Dear Amy: My wife and I have three young children who, thanks to generous financial aid, attend a local private school.
Often we ferry them to birthday parties of friends, and we are shocked and awed by these events. It seems that children's birthday parties have taken on the urgency of the nuclear arms race, as parents kill themselves trying to outdo one another by throwing the biggest, most outrageous parties imaginable.
Don't get me wrong - I think it is great to celebrate a child's special day, though we prefer to do so in a much more low-key fashion.
I often find myself bristling at buying presents for kids who already have plenty and for whom another present will mean very little.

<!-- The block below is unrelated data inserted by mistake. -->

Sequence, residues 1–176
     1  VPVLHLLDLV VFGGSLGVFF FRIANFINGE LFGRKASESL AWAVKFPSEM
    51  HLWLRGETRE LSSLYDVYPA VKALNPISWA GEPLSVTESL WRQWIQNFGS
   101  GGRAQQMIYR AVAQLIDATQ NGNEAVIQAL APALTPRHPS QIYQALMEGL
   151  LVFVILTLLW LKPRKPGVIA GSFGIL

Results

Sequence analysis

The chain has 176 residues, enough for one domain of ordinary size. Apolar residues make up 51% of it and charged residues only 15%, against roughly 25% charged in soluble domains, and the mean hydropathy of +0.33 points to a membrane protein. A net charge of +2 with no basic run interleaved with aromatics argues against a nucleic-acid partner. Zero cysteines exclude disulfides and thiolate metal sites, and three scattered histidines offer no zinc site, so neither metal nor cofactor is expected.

The expense is considerable, even when we limit the number of parties our children may attend. Every so often an invitation will ask that a donation to a charity be made in lieu of a present, a practice that we find thoughtful.
I realize the problem is mostly my own, and that I perhaps should be less judgmental. Still, I wonder if any child really requires presents from 20 friends every birthday.
Dear Concerned: I share your concern about these birthday campaigns of shock and awe. It's fine to be open with your kids about your limitations, but there is no point in judging others. You convey your own values to your children every day and in every way. That is always going to be the most important thing to them.
Your children are interacting with people who have much more than they do, and your job is to make sure they continue to have their feet firmly planted in your family's reality. Consistently convey that you like your life - and theirs - just as it is.